An investigative report Friday from the international agency that polices drugs in sport put the full scale of the Russian doping controversy into better focus, detailing one of the largest cheating scandals in history and implicating government employees and more than 1,000 Russian athletes who benefited from manipulations to conceal positive doping tests.
The Russian athletes and government officials were involved in an “institutional conspiracy” of an “unprecedented scale,” Richard McLaren, a Canadian lawyer and sports ethics expert who led the investigation for the World Anti-Doping Agency, said at a news conference Friday morning in London. The elaborate doping system and associated coverup began in at least 2011, McLaren said, and continued beyond the Sochi Winter Olympics in 2014.
“It is impossible to know how deep and how far back the conspiracy goes,” McLaren said. “For years, international sports competition has been unknowingly hijacked by the Russians. Coaches and athletes have been playing on an uneven field. Sports fans and spectators have been deceived. It’s time that this stops.”
While the report could intensify calls for Russia to be barred from the 2018 Winter Games in Pyeongchang, South Korea, McLaren said that decision should be made by the International Olympic Committee and the governing bodies of each sport.
The IOC already has established a disciplinary commission to address the Russian doping scandal. The Olympic governing body is in the process of re-examining Russian doping samples collected at the London and Sochi Games. “Professor McLaren’s completed report demonstrates a fundamental attack on the integrity of sport.” IOC President Thomas Bach said Friday in a statement. “As an Olympian, any athlete or official who took part in such a system should be excluded for life from the Olympic Games.”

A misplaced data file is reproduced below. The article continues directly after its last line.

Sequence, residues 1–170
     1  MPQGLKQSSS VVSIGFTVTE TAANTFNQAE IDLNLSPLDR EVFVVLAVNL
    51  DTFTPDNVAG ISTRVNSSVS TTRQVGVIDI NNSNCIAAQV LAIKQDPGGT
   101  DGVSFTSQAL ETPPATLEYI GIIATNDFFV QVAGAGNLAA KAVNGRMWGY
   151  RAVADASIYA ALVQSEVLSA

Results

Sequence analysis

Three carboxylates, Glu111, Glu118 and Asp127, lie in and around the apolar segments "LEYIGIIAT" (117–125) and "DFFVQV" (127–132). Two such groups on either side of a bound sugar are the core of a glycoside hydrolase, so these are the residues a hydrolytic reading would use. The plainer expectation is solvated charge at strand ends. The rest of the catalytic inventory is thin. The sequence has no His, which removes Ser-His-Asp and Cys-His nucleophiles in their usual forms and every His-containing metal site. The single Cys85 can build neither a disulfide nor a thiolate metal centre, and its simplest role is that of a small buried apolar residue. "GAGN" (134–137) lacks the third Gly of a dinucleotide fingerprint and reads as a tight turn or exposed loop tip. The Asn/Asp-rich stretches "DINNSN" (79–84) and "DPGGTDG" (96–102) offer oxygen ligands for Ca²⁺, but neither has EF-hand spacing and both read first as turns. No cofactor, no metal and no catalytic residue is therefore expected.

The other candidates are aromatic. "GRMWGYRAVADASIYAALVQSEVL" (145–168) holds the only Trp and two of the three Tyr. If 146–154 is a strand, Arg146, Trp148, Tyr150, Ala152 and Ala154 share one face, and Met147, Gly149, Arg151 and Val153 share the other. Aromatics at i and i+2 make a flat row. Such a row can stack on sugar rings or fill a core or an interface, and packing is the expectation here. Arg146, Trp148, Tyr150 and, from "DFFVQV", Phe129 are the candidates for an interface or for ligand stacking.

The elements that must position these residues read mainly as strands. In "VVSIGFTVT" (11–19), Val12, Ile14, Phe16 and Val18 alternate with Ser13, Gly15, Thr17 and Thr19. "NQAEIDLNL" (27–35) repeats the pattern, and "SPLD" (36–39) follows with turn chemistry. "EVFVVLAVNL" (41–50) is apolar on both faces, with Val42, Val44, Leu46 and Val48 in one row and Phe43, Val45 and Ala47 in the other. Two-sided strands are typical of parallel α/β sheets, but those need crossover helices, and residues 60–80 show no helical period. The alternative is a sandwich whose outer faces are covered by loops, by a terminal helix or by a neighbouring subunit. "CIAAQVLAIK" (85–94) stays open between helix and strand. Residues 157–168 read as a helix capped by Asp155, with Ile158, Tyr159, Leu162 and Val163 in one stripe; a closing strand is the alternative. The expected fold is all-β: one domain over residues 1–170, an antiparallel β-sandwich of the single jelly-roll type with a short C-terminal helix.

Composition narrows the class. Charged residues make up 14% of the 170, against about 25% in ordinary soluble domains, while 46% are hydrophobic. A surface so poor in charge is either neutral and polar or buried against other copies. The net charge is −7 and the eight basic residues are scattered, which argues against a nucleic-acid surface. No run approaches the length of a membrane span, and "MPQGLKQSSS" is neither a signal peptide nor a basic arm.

Friday’s 144-page report confirmed the findings shared in an initial report in July, charging Russian sport and government officials with swapping out the tainted urine samples by athletes with clean samples.
“These athletes were not acting individually but within an organized infrastructure,” he said.
He called the Russian intelligence agents from the FSB — a successor agency to the KGB — “magicians” for being able to crack open tamper-proof bottles and fool doping officials.
“The story of how all the pieces fit together seems like fiction,” McLaren said.
Russian officials pushed back against the report and McLaren’s charges of a widespread systemic doping program.
“The Russian Sports Ministry declares with all responsibility that there are no state programs supporting doping in sport and will continue pursuing a zero-tolerance policy toward doping,” the organization said in a statement.
The report found that the scheme — which was spurred by Russia’s poor showing at the 2010 Winter Olympics in Vancouver — included athletes at the 2012 London Summer Games, the 2013 Universiade Games, the world track and field championships in 2013, and the 2014 Winter Olympics and Paralympics in Sochi, Russia. Among its specific findings: